We're all Digital Content Curators … (HT @drbattytowers)


This is a really interesting piece (and highlights skills that pretty much anyone with a history degree at least, should have):

It helps if you’re not a victim of FOMO – Fear Of Missing Out, where you need to sleep with your smartphone under your pillow in case someone sends you an email or SMS text in the middle of the night (which you must of course read and respond to straight away). If so, you may need professional psychological help – which I’m not qualified to give!

But what about all of those unsolicited emails you get, or the inane Tweets you read, or the random messages from people you don’t know (or would rather not know) on various social networks. When was the last time you cleared out the clutter in your various in-boxes and put in place some intelligent filters that prevented the “mad and the bad” information from ever reaching you? When did you last trawl through your newsletters and unsolicited email sources to unsubscribe from anything you don’t need or don’t read? Just deleting them will not make them go away – they’ll be back next week or next month.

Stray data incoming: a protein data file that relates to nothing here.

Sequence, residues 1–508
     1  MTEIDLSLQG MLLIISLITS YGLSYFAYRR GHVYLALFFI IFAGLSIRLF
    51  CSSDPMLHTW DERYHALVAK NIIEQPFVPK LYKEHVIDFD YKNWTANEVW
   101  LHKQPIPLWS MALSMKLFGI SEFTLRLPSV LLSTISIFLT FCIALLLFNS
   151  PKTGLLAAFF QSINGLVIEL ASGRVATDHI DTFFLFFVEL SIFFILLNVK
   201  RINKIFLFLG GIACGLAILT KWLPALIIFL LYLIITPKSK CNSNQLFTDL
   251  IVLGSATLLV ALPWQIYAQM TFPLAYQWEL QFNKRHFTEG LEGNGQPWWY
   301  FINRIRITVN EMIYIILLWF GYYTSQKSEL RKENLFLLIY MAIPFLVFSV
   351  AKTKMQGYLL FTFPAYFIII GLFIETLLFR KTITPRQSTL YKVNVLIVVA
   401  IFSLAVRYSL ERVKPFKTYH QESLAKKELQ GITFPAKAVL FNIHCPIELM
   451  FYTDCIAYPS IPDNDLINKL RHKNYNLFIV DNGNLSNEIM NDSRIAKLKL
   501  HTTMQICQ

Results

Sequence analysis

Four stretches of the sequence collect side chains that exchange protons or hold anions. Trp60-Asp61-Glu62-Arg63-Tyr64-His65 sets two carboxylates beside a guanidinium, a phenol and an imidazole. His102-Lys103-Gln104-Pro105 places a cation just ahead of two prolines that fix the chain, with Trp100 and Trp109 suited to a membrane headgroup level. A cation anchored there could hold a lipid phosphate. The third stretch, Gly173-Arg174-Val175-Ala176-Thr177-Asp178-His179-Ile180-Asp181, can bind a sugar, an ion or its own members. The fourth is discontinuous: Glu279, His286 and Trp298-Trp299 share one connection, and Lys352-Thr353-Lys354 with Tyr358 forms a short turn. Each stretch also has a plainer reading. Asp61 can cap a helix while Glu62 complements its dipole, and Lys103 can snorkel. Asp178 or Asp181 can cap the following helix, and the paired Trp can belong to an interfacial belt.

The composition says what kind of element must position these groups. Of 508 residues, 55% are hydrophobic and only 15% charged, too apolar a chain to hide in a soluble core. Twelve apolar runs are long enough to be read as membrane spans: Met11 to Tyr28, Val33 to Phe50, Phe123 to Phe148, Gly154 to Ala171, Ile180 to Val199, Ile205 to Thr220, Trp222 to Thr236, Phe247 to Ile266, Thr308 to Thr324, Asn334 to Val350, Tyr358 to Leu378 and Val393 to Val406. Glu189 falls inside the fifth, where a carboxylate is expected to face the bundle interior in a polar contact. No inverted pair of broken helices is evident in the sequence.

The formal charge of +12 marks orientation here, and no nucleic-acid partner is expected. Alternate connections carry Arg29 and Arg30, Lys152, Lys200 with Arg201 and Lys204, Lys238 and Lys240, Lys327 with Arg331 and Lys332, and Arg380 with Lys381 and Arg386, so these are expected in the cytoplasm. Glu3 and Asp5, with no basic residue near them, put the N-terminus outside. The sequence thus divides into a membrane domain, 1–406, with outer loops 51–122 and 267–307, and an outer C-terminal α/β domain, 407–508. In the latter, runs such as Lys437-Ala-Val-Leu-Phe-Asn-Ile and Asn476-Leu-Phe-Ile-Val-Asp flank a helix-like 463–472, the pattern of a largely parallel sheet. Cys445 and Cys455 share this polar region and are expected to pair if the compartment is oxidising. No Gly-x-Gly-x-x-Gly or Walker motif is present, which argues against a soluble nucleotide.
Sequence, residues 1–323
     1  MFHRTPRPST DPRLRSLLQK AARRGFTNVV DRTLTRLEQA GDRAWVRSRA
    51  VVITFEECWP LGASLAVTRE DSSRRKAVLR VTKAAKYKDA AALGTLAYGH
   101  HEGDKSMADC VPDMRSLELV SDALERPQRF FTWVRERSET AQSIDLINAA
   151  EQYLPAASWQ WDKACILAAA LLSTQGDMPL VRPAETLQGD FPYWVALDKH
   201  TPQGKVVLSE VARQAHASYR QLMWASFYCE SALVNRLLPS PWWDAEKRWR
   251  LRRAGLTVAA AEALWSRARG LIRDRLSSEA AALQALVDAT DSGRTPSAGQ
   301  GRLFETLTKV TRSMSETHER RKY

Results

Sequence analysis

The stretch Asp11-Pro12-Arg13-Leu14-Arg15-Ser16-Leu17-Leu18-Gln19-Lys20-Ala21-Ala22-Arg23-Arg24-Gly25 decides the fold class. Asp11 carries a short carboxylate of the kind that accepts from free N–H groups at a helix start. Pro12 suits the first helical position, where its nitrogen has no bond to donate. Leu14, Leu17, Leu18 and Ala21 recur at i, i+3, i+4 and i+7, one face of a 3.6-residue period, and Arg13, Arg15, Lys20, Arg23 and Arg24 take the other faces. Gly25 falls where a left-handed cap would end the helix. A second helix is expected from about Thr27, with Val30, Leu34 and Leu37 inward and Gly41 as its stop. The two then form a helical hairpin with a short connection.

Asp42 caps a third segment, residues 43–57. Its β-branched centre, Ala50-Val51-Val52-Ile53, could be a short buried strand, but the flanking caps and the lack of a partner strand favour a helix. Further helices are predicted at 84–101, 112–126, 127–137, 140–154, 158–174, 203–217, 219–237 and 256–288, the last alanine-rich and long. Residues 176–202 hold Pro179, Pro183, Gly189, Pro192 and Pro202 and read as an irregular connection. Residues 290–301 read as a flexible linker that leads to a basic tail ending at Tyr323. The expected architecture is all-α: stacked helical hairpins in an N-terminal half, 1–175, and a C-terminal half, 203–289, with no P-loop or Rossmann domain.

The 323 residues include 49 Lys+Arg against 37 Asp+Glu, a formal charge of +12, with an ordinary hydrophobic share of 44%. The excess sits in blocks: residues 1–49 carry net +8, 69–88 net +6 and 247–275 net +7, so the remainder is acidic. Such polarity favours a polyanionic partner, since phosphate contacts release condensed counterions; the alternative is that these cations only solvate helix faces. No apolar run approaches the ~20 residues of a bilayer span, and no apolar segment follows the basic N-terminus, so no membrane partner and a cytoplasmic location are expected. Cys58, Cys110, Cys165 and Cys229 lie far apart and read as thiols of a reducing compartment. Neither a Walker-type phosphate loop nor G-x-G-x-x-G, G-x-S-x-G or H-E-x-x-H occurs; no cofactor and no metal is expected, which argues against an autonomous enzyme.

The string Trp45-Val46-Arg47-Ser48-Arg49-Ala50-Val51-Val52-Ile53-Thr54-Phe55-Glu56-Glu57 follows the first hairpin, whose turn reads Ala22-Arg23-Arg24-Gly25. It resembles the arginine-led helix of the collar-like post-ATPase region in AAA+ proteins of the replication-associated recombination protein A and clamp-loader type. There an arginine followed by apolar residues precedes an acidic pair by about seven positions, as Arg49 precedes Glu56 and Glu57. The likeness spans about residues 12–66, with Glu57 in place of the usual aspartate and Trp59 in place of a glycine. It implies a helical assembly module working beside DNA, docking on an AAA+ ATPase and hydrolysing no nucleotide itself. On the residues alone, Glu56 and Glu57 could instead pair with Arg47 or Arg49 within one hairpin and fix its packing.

Read full piece.


[BOOK REVIEW] Digital Dieting

14746_digital_dieting_by_tara_brabazonThis looks like an interesting read:

That’s the ideal, anyway. In her book Digital Dieting, Tara Brabazon highlights how precarious this model of learning has suddenly become in the aftermath of the post-1980s technological revolution. (Before that, all lecturers had to worry about was the introduction of the printing press, making dictation by candlelight unnecessary, and forcing them to raise their game a bit when actually interacting with students.) If you want to feel frustrated and anxious in equal measure, read this book’s introduction, which includes extracts of student emails sent to Brabazon in the course of her work and which she carefully analyses. It is clear in reading these spurious essay excuses, cheeky requests for editing services and frankly lazy demands for bullet-point summaries of complex subject matter that education has become as commoditised as it is possible to be, enabled all too often by university administrators keen to force lecturers to use clunky and frustrating multimedia delivery tools in the name of progress.

Read full review.